The Adventures of the Elusive Malvari, Part I
With this article, we begin a series of publications about elusive malvari. Hacking programs that leave no traces of attack, also known as fileless, typically use PowerShell on Windows systems to covertly execute commands to find and extract valuable content. Detecting hacker activity without malicious files is a difficult task, because antiviruses and many other detection systems work based on signature analysis. But the good news is that such software does exist. For example, UBA systems that can detect malicious activity in file systems.
When I first began to study the topic of cool hackers who do not use traditional methods of infectionand only the tools and software available on the victim’s computer, I did not suspect that this would soon become a popular attack method. Security professionals say this is becoming a trend, and frightening article titles are proof of that. Therefore, I decided to make a series of publications on this topic.
Great and terrible PowerShell
I wrote about some of these ideas earlier in the PowerShell obfuscation series , but more in theory. Later I came across a site for hybrid analysis , where you can find samples of malvari, "caught" in the wild. I decided to try using this site to search for fileless malware samples. And I did it. By the way, if you want to go on your own expedition to search for malware, you will have to go through a check on this site so that they know that you are doing the work as a white hat specialist. As a blogger who writes about security, I went through it without question. I'm sure you can too.
In addition to the samples themselves, you can see on the site what these programs do. Hybrid analysis launches malware in its own sandbox and tracks system calls, running processes and actions on the network, and also extracts suspicious text strings. For binary files and other executables, i.e. Where you cannot even look at the actual high-level code, hybrid analysis decides whether the software is malicious or simply suspicious based on its activity at runtime. And after that the sample is already evaluated.
You can also run base64-encoded PowerShell to avoid detection. Pay attention to the use of Noninteractive and Hidden parameters.
If you read my obfuscation entries, then you know that the -e option indicates that the content is encoded in base64. By the way, hybrid analysis also helps with this, decoding everything back. If you want to try to decode base64 PowerShell (hereinafter - PS) yourself, you need to run this command:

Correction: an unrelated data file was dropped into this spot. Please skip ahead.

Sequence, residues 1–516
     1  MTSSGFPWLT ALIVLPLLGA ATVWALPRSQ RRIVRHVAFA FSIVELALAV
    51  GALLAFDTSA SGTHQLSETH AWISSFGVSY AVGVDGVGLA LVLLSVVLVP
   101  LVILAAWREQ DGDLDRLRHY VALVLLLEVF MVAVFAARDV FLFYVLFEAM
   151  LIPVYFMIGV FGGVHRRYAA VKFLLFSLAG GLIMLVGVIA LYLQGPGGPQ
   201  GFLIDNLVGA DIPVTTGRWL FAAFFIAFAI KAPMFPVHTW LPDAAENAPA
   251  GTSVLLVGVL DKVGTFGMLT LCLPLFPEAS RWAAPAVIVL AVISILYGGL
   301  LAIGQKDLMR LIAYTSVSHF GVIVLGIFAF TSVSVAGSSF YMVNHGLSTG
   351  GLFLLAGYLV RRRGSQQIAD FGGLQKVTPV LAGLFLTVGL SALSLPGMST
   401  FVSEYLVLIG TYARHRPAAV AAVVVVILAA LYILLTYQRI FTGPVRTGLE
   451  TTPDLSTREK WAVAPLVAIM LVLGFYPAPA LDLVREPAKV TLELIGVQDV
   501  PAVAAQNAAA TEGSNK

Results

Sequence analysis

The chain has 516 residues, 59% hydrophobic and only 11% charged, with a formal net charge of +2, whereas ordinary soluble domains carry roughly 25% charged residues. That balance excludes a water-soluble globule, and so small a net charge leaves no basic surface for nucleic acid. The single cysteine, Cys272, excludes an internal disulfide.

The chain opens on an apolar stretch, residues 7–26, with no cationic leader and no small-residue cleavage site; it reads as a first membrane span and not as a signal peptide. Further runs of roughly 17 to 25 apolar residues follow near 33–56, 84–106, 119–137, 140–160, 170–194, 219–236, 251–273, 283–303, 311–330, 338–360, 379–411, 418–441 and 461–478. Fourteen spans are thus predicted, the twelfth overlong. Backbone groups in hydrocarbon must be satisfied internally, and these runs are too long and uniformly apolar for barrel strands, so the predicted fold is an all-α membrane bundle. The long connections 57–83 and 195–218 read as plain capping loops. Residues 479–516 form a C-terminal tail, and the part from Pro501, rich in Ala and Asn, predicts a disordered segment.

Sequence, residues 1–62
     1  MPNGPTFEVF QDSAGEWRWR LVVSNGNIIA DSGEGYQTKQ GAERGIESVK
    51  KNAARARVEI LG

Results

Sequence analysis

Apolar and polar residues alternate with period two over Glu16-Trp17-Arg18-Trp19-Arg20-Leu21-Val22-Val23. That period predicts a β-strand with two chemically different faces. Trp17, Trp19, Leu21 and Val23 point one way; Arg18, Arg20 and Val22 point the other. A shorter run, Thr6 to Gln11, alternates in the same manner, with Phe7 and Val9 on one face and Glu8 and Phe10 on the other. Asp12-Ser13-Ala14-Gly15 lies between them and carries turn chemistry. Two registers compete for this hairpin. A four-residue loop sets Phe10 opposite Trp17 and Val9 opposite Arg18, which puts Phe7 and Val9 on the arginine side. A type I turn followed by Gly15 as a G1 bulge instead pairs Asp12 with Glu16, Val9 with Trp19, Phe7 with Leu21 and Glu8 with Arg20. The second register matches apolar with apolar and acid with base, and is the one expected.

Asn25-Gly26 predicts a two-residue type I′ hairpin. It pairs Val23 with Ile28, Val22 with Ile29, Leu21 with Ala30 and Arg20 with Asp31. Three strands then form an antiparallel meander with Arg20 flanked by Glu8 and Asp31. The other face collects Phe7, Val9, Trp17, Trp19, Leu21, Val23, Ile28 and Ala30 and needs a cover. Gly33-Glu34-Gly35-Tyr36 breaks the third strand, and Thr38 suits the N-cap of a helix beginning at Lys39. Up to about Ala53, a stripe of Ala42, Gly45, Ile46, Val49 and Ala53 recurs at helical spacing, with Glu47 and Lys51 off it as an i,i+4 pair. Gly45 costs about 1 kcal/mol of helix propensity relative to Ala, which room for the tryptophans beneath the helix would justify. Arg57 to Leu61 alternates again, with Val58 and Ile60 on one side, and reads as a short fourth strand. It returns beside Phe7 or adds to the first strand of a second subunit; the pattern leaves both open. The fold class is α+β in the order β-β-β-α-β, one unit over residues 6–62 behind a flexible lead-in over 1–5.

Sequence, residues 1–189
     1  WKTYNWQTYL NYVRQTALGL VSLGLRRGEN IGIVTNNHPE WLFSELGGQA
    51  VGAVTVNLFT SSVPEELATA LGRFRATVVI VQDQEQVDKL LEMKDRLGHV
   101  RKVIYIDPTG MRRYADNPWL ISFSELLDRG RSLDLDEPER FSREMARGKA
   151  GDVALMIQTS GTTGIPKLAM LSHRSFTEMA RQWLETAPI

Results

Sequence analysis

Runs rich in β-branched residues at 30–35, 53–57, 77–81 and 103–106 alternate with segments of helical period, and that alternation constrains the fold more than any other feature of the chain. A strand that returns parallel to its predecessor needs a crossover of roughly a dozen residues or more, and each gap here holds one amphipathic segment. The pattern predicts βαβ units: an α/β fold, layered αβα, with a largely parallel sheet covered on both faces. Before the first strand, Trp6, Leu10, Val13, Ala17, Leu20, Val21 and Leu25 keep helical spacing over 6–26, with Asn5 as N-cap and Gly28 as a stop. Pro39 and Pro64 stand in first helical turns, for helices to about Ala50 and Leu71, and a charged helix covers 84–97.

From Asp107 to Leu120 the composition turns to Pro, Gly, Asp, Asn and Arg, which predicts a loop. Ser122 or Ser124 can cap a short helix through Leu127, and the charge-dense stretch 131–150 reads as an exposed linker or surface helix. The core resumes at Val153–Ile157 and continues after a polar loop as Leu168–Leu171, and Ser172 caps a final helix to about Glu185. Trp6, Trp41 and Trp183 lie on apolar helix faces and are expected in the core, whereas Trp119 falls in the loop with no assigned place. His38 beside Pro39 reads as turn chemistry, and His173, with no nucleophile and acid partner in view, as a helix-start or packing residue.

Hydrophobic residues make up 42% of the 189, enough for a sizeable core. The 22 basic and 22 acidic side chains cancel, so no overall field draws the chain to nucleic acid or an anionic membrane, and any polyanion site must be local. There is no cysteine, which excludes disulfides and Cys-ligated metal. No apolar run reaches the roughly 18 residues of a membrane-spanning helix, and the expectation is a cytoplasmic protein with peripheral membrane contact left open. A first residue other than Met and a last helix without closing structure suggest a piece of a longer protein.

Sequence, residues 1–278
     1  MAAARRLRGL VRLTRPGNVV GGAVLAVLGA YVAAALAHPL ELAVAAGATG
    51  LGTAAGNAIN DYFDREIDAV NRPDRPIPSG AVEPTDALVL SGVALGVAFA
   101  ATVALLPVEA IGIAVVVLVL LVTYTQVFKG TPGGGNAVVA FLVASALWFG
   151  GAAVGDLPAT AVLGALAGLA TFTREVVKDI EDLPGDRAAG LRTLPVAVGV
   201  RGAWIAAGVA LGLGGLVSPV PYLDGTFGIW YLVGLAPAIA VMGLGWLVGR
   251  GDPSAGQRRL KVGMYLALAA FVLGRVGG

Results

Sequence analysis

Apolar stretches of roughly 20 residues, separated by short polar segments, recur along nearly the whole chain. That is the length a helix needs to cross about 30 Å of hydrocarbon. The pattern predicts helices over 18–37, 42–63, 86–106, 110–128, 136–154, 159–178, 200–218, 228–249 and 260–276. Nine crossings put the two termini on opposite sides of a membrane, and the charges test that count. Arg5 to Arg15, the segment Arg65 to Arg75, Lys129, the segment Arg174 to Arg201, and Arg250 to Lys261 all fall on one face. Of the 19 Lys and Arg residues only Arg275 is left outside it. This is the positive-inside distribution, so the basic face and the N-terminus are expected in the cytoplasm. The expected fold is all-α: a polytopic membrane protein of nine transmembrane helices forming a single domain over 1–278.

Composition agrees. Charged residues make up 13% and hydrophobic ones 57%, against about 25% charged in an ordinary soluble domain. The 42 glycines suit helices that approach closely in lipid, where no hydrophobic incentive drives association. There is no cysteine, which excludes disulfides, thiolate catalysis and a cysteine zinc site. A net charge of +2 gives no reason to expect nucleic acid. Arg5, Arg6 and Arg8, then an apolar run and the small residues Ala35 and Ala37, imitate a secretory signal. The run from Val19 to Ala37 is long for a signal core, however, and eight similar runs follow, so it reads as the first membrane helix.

I decoded our PS-script using this method, the text of the program is presented below, although slightly modified by me:
Note that the creak was bound to the date September 4, 2017 and passed session cookies.
I wrote about this attack style in the PS obfuscation series , in which the base64 encoded script itself downloads the missing malware from another site, using the WebClient object from the .Net Framework library to do all the hard work.
What is it for?
For security software that scans Windows event logs or firewalls, base64 encoding prevents the detection of the WebClient string by a simple text pattern to protect against such a web request. And since all the "evil" malware is then downloaded and transferred to our PowerShell, this approach thus allows you to completely avoid detection. Rather, I thought so at first.
It turns out that with the inclusion of advanced logging of Windows PowerShell logs (see my article), you can see the loaded line in the event log. I (like others ) believe that Microsoft should enable this level of logging by default. Therefore, when extended logging is turned on, we will see in the Windows event log a completed request to load from a PS script according to the example that we examined above. Therefore, it makes sense to activate it, agree?
Add additional scripts
Hackers deftly hide a PowerShell attack in Microsoft Office macros written in Visual Basic and other scripting languages. The idea is that the victim receives a message, for example, from a delivery service, with an attached report in .doc format. You open this document, which contains a macro, and ultimately it launches the malicious PowerShell itself.
In our case, the malicious JS script is attached as a file with the .doc.js extension. Windows typically only shows the first suffix, so it will appear to the victim as a Word document.
The JS icon is displayed only in the scroll icon. It is not surprising that many people will open this attachment, thinking it is a Word document.
In my example, I modified the PowerShell above to download the script from my website. The remote PS script simply prints Evil Malware. As you can see, he is not at all evil. Of course, real hackers are interested in gaining access to a laptop or server, say, through a command shell. In the next article I will show how to do this using PowerShell Empire.
I hope that for the first introductory article we did not dive too deeply into the topic. Now I’ll let you take a breath, and next time we will begin to analyze real-life examples of attacks using fileless-malvari without extra introductory words and preparation.